The Northern Lights appear in the night sky typically in the late evening and illuminate everything around you with their magical light. In Lapland, you can see the northern lights from November to February. Do you want to see the Aurora in Lapland in winter? Then book our incredible winter tour in advance!
#5. The best way to photograph the northern lights
1. The camera itself. It is best to use a camera with interchangeable optics, but in principle any camera will do. The larger the sensor size, the less grainy the photos will be.
2. Extra batteries. Thermal energy sources lose their charge very quickly in freezing temperatures, so make sure you have extra batteries. It is best to store them close to your body, in a warm place.
3. Remote shutter release. It is advisable to use a shutter release cord to reduce camera vibration as the shutter speed is faster for photography.
4. Given the previous tips, you'll also need a stable tripod for your camera.
5. For advanced photographers: A wide-angle lens with a focal length of 10 to 24 mm is desirable.
6. And don't underestimate the Lapland frost by any means. Prepare for the wait, stock up on patience and warm drinks and, most importantly, dress as warmly as possible. If you'll be hunting the Aurora with Scandinavian Travel Group, a cozy dome with a fireplace, warm clothes, hot drinks and snacks will be provided.
#6. How do you hunt for Aurora in Lapland?
Not far from the resort of Levi in Lapland are hidden great spots to see the Northern Lights, as they are 170 km above the Arctic Circle. And, as you know, the higher above the Arctic Circle, the more likely you are to see this magical aurora borealis.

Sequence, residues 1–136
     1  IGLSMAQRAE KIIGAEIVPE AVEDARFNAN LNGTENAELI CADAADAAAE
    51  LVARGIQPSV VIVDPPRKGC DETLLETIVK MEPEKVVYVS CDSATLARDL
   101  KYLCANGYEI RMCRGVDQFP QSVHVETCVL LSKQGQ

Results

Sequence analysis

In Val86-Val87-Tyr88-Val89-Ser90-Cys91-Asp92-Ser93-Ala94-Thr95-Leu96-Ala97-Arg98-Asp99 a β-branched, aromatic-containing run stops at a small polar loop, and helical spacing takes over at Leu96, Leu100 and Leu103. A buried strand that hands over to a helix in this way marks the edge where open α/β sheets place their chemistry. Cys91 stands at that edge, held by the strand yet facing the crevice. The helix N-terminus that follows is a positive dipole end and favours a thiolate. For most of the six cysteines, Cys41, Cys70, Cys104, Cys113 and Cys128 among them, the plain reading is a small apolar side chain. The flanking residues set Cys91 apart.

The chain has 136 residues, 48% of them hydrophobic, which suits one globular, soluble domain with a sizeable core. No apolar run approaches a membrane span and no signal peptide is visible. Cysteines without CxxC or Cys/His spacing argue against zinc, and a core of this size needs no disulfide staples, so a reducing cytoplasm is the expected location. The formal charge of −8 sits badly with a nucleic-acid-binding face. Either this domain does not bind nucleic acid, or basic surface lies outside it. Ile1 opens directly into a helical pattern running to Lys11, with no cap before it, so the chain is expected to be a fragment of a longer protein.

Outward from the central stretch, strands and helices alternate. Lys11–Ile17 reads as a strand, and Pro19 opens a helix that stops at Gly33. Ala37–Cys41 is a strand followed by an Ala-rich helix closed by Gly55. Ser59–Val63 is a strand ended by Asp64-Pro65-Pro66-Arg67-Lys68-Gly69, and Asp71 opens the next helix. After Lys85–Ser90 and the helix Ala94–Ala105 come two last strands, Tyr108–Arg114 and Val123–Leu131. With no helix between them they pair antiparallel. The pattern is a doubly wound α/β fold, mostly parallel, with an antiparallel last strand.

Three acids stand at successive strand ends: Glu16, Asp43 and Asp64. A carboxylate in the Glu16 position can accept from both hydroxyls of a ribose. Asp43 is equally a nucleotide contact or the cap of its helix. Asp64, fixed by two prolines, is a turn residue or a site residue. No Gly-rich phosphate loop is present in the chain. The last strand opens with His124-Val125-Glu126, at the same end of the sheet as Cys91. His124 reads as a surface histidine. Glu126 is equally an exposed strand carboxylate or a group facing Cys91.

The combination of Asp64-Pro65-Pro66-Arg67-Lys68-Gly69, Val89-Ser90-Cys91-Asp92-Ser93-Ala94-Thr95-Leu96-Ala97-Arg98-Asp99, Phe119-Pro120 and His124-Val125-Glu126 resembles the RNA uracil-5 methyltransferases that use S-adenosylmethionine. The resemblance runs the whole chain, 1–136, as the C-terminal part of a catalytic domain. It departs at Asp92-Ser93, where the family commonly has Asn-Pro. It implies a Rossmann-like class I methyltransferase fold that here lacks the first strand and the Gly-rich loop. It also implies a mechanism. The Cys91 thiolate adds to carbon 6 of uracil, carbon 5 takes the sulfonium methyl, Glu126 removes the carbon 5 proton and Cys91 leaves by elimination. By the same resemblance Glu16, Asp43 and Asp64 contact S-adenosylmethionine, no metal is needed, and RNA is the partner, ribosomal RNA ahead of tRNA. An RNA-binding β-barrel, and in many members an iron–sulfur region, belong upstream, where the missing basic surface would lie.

Nevertheless, it is difficult to predict the exact appearance of the northern lights, but in most cases it is possible. That's why we offer winter northern lights hunting tours in our exclusive locations near the resort of Levi, taking into account weather forecasts and predictions for the appearance of the aurora borealis.
It must be remembered that there are several main conditions for observing the Aurora:
- Dark cloudless skies without precipitation;
- A minimum of artificial light;
- Frosty weather.
When weather conditions are favorable, the following locations are best for observation:
- Open flat areas
- Ice-covered lakes
- Highlands and mountains
Hunt for northern lights in Lapland with Scandinavian Travel Group
Our exclusive location is close to the famous Lapland resort of Levi:
- Absent the hustle and bustle of tourism,
- Unobstructed view of the northern horizon
- Almost 360° view of the sky
- Minimal light pollution
- Warm shelter dome
Our Polarman camp has it all!
You will be greeted by Polarman, our narrator, who will be your guide to the mysterious world of the Aurora hunters. You'll make yourself comfortable on reindeer skins around an open fire in the company of other northern lights trappers. After spending some time outdoors, you can warm up pleasantly in our Aurora Dome.
The temperature of the dome is kept at +10 degrees and above. You can warm yourself by the fireplace and hear some interesting stories and legends about this natural phenomenon. And our observer guide will keep a constant eye on the sky to invite you outside at just the right moment to enjoy the spectacular display of Arctic nature.
If you wish, we will take videos and photos of the glow with you. If you get cold during our program, you can always warm up inside the dome with a glass of hot berry juice or a magic drink with ginger biscuits. And the children of our dear guests usually enjoy roasting marshmallows on the fire. You can also roast sausages if you wish.
To hunt for the northern lights in comfort and enjoy your holiday in the resort of Levi, simply contact the manager of Scandinavian Travel Group to arrange our unique tour or book online. Find out more about our amazing northern lights tours:
ARE YOU TRAVELLING WITH YOUR FAMILY?Ideas and family activities in Levi and Rovaniemi: check out more offers on our family programs.
- Snowmobile Safari
- Husky Kennel & Husky Safari
- Reindeer Safari
- Snow Village Lapland
- Santa Claus in a Secret Hideaway
- Santa’s Cabin in Levi
- Build Your Own Snow Igloo in Levi Igloo Park
Would you like a personalised tour? Then contact our manager directly using the contact details on the website.
This article contains photos used with permission from ©Fenix.info.